Mexico's blackberry exports decline because of pests

A mite and a fly are responsible for the fall in exports of one of the most successful, Mexican blackberry berries.

In Michoacan, where 94 percent of the entire country's blackberry is produced, sales to the US have fallen 20 percent, said Jose Garcia, representative of the Sistema Producto Zarzamora de Michoacán

He explained that at present the US market demands one million boxes of 2.2 kilos each, but in October they were only able to send 800,000 boxes and in early November shipments fell to 500,000 boxes.

Exports have fallen because production has been damaged by pests like the redberry mite, which houses itself in the fruit, and the fruit fly Drosophila suzukii, which lays its eggs in the blackberry. These sometimes develop during the transfer into the border towns, so shipments are returned, explained Garcia.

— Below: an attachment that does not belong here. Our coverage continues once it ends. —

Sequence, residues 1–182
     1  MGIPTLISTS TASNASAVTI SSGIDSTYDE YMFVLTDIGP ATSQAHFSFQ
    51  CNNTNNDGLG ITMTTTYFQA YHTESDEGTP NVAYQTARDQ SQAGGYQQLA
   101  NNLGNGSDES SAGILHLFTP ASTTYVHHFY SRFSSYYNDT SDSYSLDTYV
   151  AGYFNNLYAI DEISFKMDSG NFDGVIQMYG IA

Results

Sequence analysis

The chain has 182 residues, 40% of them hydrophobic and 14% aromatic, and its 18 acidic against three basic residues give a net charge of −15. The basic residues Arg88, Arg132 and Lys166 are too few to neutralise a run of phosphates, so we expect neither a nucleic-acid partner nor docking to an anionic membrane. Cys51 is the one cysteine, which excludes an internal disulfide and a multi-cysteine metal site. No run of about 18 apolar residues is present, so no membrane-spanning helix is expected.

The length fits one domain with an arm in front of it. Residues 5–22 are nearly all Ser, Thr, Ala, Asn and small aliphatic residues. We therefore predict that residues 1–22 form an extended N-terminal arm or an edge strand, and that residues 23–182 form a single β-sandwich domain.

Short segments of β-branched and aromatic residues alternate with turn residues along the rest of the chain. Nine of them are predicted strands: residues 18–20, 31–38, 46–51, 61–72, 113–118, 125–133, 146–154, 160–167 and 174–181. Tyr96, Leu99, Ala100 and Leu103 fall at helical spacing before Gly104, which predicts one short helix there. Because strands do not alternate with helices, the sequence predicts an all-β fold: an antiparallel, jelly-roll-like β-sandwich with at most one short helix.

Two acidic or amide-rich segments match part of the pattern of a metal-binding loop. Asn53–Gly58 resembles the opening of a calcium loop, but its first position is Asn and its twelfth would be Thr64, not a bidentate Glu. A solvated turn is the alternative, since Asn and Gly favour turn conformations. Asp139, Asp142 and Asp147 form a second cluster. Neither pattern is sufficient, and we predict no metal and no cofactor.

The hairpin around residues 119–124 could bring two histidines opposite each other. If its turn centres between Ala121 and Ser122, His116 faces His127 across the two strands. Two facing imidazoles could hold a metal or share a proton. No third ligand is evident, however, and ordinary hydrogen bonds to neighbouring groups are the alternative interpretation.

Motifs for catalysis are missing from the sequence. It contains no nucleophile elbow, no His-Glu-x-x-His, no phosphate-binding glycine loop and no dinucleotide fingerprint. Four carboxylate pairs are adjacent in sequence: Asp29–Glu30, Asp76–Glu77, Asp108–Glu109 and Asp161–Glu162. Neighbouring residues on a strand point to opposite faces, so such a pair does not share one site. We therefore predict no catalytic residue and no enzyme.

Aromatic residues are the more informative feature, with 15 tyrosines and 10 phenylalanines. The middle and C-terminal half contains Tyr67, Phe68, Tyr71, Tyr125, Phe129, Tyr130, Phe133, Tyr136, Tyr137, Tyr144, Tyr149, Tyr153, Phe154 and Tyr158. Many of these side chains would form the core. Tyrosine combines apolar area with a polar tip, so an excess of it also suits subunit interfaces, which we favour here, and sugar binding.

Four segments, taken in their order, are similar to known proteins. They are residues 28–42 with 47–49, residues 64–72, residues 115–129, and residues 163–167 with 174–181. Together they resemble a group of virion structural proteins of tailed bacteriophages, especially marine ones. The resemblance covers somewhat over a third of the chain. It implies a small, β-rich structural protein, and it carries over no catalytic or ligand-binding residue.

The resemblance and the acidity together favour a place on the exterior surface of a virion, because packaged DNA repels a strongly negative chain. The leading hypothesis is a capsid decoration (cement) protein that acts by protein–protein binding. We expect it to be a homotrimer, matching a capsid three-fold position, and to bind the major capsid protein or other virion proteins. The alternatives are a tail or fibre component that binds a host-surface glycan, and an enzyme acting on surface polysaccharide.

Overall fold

Therefore, the state average production obtained, that used to be 6,000 boxes per hectare, is now only 3,000 cases, the representative noted.
The latest data available shows that national production was 123,091 tons in 2015, which meant a 20 percent decrease, according to the Servicio de Información Agroalimentaria y Pesquera (SIAP).

Because of this circumstance Mexico missed a robust income opportunity, as it distinguishes itself by having a considerable advantage throughout the export stages to the United States, as they are their principal seller, during an eight month period, i.e. from September to May the following year, while countries like Guatemala only market from May to July, Garcia said.


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